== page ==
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View Full Version : DV transfer, firewire and usb?


Tellerve
03-11-2003, 01:19 AM
I took some film on a Sony DV camera and was wondering if their was anything besides a speed difference to transfer the information from the tape to a hard drive. This being firewire, 400 megabites a second vs 11 for usb 1.1. If I can only use USB at this present moment will it be ok or is there something I don't know about that should necessitate getting a firewire card?

Thanks,

Tellerve

beaker
03-11-2003, 07:12 AM
Can you actually get video off of the usb? The last dv cam I had just used the usb cable for getting still images off the flash media.

moovieboy
03-11-2003, 08:36 AM
I agree with Beaker in scratching my head here... I've never seen any way to digitally get video off of a Sony DV camcorder except its ilink/firewire connections...

But, hey, if we're wrong, fill us in! :D

-Tom

derelict
03-11-2003, 09:08 AM
let me know if it works. than there would be an alternative to whatever we have now.

KayosIII
03-11-2003, 12:36 PM
The latest Sony MiniDV's do in fact allow the user to this - The Canon's Like the one I have here do not (thanks Canon)...

I imagine that the USB Link will be like the firewire link but not in realtime. But I don't know because I haven't tested it.

dvornik
03-11-2003, 05:21 PM
Why would you want to transfer via USB anyway? The time you gonna waste will cost you way more than a firewire card. They are like $15 these days.

Tellerve
03-11-2003, 06:45 PM
I understand the firewire would be ideal, but I didn't want to go into the whole situaction but it appears for proper clarification I will have to.

I'm down at a university that my friend goes to, where he checked out the camera. They didn't give him any firewire cable. I don't have a camera at home so I can't take the tape home and get it off there. I looked into getting a firewire card here but at BestBuy and Compusa they are ridiculously expensive and don't come with a cable, that's an absurd $35 more. I see at Newegg they have a card for $30 that comes with a 6' cable. I'd much rather get that but I don't have time to order it and have it arrive before I have to go home.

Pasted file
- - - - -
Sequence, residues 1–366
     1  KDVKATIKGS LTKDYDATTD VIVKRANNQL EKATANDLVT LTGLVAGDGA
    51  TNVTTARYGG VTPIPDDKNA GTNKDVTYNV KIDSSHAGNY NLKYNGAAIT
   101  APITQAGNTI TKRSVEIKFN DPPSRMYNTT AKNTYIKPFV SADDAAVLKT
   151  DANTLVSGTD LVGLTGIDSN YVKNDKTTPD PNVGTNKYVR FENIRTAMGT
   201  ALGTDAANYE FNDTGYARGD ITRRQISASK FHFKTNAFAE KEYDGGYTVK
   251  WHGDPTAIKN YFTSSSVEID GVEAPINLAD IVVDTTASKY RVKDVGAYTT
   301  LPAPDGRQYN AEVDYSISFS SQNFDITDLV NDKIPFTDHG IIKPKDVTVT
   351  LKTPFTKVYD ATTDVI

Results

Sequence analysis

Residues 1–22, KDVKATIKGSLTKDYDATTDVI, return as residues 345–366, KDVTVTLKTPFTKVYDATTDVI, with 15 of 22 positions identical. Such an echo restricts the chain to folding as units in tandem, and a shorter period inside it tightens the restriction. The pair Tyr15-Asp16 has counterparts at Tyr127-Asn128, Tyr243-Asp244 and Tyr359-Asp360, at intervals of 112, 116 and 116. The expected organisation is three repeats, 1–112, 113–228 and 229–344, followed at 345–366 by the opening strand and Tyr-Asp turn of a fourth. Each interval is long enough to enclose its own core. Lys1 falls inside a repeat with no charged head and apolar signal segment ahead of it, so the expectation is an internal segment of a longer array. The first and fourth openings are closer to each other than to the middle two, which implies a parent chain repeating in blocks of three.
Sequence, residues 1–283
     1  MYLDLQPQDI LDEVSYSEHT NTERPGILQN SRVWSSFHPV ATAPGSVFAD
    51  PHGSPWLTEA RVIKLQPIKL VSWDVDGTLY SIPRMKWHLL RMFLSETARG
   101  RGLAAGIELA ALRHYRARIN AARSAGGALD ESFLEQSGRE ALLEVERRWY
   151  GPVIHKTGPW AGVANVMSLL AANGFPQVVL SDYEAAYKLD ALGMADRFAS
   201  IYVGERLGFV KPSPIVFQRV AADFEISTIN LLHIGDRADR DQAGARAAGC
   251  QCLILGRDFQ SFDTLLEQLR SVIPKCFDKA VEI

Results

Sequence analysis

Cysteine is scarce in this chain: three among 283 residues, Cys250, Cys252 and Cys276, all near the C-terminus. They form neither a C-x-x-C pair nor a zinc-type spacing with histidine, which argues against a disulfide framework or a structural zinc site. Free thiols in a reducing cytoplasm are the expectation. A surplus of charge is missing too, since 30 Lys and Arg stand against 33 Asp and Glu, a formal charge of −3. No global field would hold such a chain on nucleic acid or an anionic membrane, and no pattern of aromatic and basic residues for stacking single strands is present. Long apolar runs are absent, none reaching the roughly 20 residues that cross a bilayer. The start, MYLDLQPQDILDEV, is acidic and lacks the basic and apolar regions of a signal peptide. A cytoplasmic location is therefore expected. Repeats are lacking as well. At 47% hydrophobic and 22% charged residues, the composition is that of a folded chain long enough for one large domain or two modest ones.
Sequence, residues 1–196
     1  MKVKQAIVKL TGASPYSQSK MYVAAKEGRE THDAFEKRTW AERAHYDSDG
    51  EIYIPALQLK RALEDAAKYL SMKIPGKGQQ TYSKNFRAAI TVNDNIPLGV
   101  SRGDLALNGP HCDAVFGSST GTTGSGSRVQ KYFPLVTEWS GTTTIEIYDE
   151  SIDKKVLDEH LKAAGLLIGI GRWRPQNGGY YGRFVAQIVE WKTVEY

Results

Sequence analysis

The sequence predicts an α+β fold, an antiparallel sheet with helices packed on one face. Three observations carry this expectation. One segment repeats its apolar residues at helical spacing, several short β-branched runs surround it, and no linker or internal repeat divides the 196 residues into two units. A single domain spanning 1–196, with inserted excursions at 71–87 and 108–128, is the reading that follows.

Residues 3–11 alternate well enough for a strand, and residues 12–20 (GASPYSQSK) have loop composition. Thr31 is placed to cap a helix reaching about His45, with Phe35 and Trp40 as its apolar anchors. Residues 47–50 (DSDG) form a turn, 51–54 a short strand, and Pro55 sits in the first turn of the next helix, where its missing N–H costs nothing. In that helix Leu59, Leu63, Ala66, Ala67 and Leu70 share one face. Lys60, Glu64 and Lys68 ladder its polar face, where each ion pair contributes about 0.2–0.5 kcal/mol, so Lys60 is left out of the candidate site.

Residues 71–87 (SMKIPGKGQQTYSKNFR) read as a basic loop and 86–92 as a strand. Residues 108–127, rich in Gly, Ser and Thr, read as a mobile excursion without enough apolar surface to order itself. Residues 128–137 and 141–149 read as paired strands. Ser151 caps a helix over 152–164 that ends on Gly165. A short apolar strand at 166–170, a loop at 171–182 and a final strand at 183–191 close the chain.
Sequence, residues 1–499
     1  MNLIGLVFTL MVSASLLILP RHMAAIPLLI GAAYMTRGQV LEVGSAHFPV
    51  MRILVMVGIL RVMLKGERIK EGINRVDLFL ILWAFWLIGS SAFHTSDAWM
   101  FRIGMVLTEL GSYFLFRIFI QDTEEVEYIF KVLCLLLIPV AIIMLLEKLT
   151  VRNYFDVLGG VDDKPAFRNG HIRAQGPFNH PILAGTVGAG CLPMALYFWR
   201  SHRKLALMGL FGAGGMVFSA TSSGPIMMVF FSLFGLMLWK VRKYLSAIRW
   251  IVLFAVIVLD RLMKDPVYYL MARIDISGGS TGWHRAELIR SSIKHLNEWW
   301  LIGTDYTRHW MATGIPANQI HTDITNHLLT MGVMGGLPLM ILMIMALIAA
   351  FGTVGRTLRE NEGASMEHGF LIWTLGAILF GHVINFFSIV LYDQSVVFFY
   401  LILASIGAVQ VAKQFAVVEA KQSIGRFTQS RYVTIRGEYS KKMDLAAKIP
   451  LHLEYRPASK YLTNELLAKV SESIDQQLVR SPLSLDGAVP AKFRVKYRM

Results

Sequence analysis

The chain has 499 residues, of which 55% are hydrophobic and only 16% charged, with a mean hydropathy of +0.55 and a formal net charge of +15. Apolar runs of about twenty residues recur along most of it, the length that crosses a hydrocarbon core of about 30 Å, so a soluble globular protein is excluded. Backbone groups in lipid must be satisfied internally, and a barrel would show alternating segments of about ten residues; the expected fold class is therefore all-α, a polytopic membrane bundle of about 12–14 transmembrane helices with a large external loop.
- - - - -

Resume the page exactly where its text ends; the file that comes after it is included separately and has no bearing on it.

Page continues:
My friend does have a usb cable from a digital camera he has and that's what we were going to try and transfer to a black hard drive he has that I would then take home.

Make sense now? The whole reason I asked was this is a freaky situaction that wasn't planned well by me...I should have gone ahead earlier and ordered a firewire card, but c'est la vie. I completely understand usb 1.1 bites, I just wanted some bright heads to tell me if it would be quality issues or just REALLY slow transfer.

And beaker, you've done well to make me think your right and I might have to buy a firewire card anyways. You might only be able to get images off the memory stick with usb :(

EDIT: picked up a firewire card and cable and got it into the computer. We used the DV 25Mbit/s for the quality settings but I think his hard drive was too slow. After it copied everything on playback the audio is garbled most of the time and the time counter jumps in .3 second increments. Also when we watched it didn't look good at all in my opinion. Very blocky, which I'm not sure what was the cause for that...maybe I can't get better with a DV camera. I'm really not happy, as although I think the audio could be Hard drive related I don't see how the video could be as much hard drive related. I told my friend this is why people get raid arrays of scsi hard drives :)


Tellerve

KayosIII
03-12-2003, 12:56 AM
Um because you might want to give a friend or a relative a bit of some video footage that you took of them and they might not have firewire.

derelict
03-12-2003, 03:12 AM
Because USB is on every bloody computer that is churning out from the assembly line...thats why :)

Originally posted by dvornik